I mentioned that parents may want to sell the cottage to their kids at token or minimal price to reduce land transfer taxes. Perhaps the idea of leaving the cottage as a gift is appealing. While the initial tax hit will be less transferring the property but the capital gain will still be calculated based on what the federal government deems the fair market value of the property to be. Additionally, when the kids pass on the property to their kids or try to sell the property they will pay capital gain tax based on the sale price they once benefited from. This ends up adding up to essentially a double tax for the government and your family net worth will be much less. It is cheaper to pay land transfer tax than a capital gain so fudging the sale price doesn’t make a lot of sense for you or your kin.
Sell and Take Back a Mortgage
You can also decide to sell the cottage to your children, and if you do you should consider taking back a mortgage. Taking back a mortgage occurs when you, the vendor, personally offer the purchaser (your kid(s)) a mortgage loan as part payment for the purchase price. The CRA lets you pay back the capital gain tax over five year maximum. The key here is that in your will you forgive the mortgage and your kids will own the cottage sans debt or taxes to pay.
In some cases it may be advisable to consider making your cottage your principal residence. If your cottage has gone up in value more so than has your home, you may want to designate your cottage as your principal residence. Canadian adults (single or married) are allowed one principal residence and the benefit here is that when your principal residence is sold or ownership is transferred, there is no capital gain taxation. You do however have to live at your principal residence for a reasonable portion of the calendar year. For example, a family in Peterborough Ontario after buying a home in the mid 1970s may discover that it has increased in value by $200,000 but the recreational property they bought in the Kawarthas at the same time may have increased in value by close to $1 million. The difference in the capital gain upon transfer of ownership would be huge if the cottage was not declared the principal residence.
Another strategy is to purchase life insurance for the value of what you determine the capital gain will be. The life insurance pays out when you pass and can be used to pay the capital gain tax. The issues here are that you don’t know precisely when you will die so this is a potentially long term expense. Additionally you can not predict what the cottage will be worth on an undetermined future date nor can you predict which additional improvements may be made to the property during your lifetime.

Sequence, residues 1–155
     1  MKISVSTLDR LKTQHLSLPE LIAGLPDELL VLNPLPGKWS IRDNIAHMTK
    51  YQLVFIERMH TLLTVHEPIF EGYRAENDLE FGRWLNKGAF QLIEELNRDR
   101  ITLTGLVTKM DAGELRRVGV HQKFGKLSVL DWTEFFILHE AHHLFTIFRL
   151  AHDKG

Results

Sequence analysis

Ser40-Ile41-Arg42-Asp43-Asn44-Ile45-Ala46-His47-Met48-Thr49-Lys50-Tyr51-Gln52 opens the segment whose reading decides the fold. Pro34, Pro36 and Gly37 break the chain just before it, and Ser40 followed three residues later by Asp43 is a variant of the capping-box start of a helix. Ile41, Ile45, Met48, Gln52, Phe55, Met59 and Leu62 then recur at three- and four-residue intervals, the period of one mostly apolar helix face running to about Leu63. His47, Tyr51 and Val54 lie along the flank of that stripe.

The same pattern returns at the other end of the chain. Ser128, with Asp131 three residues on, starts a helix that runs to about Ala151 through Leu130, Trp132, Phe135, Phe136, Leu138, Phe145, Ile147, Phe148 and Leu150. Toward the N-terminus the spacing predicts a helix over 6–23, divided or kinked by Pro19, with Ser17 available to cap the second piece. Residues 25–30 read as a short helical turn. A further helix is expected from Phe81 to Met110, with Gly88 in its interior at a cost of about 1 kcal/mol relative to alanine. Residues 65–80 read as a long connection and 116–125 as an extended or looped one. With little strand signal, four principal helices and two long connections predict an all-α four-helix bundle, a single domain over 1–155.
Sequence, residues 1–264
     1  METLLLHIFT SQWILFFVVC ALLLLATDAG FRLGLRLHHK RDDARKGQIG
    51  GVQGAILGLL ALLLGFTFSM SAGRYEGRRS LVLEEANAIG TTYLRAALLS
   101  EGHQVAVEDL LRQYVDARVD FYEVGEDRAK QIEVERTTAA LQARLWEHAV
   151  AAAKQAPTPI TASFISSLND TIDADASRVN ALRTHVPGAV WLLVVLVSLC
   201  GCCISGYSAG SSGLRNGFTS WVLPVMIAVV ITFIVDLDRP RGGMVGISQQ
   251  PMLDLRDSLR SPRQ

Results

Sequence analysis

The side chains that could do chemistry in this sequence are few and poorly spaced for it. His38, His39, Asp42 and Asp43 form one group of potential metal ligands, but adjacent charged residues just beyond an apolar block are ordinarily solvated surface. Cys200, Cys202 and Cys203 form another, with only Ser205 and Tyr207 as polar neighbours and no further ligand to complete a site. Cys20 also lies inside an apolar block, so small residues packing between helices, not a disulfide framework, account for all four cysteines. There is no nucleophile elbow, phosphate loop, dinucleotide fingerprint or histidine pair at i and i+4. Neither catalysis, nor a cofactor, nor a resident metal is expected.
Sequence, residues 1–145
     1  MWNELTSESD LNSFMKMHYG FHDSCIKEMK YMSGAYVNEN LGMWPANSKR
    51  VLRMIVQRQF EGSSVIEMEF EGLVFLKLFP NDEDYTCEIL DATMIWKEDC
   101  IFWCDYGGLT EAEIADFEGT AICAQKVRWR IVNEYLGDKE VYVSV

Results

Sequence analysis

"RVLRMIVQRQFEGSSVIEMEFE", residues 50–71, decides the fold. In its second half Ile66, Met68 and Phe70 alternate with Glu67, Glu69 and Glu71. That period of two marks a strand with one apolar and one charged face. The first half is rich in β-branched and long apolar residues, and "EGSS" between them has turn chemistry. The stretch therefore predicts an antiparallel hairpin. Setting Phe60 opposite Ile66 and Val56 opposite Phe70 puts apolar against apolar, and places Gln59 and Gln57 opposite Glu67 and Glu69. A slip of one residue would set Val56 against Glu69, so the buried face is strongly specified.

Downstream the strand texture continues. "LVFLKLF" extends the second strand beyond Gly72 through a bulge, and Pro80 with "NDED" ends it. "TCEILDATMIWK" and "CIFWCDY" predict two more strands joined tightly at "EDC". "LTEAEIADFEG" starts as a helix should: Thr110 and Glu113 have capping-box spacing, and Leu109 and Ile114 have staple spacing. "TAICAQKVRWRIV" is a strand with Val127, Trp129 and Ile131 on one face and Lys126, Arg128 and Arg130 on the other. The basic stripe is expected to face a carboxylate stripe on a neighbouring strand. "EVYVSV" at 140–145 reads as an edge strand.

“Alter Ego” Trust
Since 2000 it has been possible to transfer the cottage into what is called an “alter ego” trust. Establishing a trust involves legal expertise so it is wise to consult a professional to set up the trust. The minimum age to establish an alter ego trust is sixty-five years of age. The owner of the cottage property transfers it into the special trust but does not trigger the capital gains tax. The creator of the trust (the trustee) maintains control and use of the recreational property. The children are added as beneficiaries of the alter ego trust and are also able to use the property and will inherit it on the death of the creator of the alter ego trust. Capital gains tax will calculated on the date of death of the creator of the trust. Since the cottage is in trust it will not fall under probate tax as well as it is not part of your will.
There are numerous ways to try to manage the capital gain tax upon the assignment, sale or transfer of a recreational property. Some are more complex than others. Have you sold a cottage? How did you deal with the capital gain?
About the Author: The author, along with his wife, created the blog SustainablePersonalFinance.com where they discuss and explore balancing their personal finances with sustainable living. You can follow them on Twitter @SustainablePF, like them on Facebook and subscribe to their RSS feed if you enjoy their content.